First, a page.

Doctor Who: The Oseidon Adventure

Tom Baker return to the role of the Doctor is superb.  It’s almost as if there hasn’t been a three decade lapse in time since he last played the role, and he’s picking up right where he left off.  I do think that his performance in these two stories was somewhat more akin to the rather more silly, buffoonish tone he increasingly adopted during Graham Williams’ tenure as producer than the relatively more serious, somber take of his first three seasons with Hinchcliffe.  That said, it is great to have him back.  If he had perhaps a bit too much fun recording these stories, well, that’s Tom Baker for you.

Louise Jameson also does good work slipping back into the role of Leela.  I know that she has played an older, somewhat more sophisticated version of the character in other Big Finish releases.  So I’m not sure how difficult it was for her to now take a step back and return to the intelligent but uneducated savage she portrayed on television.  I think Jameson does admirable work at recapturing this younger version of Leela.  Together with Barnes’ scripting, this does sound like the character we saw in those classic Doctor Who serials of the late 1970s.

And then there is Geoffrey Beevers.  The man is excellent at imbuing the Master with malicious, sly, sneering malevolence.  Listening to “Trail of the White Worm” and “The Oseidon Adventure,” I was reminded once again why his performance in “The Keeper of Traken” left such a lasting impression on my childhood memories.  Beevers really brings to life the Master, and makes you believe this is a figure that could actually defeat the Doctor.  The ending of “The Oseidon Adventure” leaves open the possibility of at least one more encounter between the Master and the Doctor before the events of “The Keeper of Traken,” so hopefully Beevers will be back in the recording studio with Baker at some point in the near future.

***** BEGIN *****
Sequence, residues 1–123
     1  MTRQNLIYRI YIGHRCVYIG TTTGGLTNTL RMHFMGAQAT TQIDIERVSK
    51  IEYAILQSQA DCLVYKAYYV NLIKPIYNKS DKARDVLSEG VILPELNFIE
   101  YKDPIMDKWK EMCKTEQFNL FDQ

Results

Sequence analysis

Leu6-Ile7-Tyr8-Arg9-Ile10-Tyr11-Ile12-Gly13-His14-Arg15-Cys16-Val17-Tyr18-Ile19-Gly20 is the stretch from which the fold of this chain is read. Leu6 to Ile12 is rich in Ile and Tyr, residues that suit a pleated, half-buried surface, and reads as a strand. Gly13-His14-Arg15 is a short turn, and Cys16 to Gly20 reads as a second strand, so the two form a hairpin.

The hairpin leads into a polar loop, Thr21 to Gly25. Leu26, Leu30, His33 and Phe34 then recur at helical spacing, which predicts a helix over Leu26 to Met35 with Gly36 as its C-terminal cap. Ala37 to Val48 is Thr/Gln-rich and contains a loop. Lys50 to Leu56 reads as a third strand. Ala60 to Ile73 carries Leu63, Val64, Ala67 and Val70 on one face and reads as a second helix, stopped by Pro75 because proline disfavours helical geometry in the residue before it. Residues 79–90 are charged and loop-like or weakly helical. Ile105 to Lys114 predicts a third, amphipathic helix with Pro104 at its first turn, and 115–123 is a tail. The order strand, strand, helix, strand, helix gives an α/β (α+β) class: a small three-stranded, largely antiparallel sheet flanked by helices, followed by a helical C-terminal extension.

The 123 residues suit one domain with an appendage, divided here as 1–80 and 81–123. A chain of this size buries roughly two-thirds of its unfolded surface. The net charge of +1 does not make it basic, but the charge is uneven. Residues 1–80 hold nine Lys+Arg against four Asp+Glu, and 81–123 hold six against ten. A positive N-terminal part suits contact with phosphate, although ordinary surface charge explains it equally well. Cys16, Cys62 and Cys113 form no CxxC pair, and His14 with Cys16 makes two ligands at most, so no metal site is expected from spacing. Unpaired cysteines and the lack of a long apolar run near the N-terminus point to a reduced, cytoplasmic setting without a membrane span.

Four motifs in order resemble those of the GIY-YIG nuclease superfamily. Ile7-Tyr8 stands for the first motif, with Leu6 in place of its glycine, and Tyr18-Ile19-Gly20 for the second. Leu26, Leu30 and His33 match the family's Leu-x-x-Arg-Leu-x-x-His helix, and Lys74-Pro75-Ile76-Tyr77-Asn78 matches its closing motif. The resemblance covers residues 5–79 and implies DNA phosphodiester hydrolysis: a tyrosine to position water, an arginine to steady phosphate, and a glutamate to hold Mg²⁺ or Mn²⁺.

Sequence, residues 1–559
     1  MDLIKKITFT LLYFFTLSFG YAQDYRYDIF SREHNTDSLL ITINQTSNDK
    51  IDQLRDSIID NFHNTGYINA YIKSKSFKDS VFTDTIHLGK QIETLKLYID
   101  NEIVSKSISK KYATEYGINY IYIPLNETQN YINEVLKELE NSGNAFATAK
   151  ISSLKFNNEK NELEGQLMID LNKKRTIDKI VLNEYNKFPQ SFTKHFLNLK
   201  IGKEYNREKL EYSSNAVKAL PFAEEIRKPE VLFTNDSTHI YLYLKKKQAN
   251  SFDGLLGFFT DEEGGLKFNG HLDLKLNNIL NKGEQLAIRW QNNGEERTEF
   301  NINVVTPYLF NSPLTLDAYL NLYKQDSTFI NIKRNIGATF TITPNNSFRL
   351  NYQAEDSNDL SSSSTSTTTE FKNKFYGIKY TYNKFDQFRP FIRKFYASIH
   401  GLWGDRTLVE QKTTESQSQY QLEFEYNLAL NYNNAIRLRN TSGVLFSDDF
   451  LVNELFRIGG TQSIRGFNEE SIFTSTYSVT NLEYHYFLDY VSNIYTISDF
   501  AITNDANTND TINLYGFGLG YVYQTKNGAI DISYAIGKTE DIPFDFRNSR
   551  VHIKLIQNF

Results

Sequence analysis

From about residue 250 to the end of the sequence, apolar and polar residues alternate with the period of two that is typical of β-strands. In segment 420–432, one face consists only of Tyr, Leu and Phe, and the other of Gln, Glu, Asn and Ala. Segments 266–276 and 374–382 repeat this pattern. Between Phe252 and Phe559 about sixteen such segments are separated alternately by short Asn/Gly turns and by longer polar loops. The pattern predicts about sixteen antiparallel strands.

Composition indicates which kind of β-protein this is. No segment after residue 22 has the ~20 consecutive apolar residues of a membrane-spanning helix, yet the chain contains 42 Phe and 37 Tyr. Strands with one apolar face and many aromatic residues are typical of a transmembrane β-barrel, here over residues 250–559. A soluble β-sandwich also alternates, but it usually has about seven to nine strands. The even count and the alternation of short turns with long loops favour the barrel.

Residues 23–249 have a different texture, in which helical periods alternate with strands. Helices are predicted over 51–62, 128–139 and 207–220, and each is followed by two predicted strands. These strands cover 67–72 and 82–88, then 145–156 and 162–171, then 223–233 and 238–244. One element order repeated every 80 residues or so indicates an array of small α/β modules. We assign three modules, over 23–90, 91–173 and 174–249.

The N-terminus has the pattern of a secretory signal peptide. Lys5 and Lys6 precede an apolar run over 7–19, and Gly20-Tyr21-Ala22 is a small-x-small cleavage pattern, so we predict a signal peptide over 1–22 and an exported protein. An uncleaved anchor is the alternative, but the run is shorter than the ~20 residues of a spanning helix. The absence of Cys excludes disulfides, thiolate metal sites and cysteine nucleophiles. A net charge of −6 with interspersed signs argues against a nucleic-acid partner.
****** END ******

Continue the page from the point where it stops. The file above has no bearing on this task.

All in all, the actors, writer Alan Barnes, and director Ken Bentley have all excelled at capturing the feel of the original Tom Baker stories.  These two audio plays utilize elements from the television series, while nevertheless crafting stories that develop in new, unexpected directions.  They also take full advantage of the unlimited scope of the audio format.  I seriously doubt that either the immense figure of the White Worm or the massive Kraal army would have been achievable on the limited budget & resources the television show had access to in the late 1970s.

“Trail of the White Worm” and “The Oseidon Adventure” are both entertaining, well-produced tales.  If you are a Doctor Who fan, but you have not listened to any of the Big Finish releases, they make an excellent jumping on point.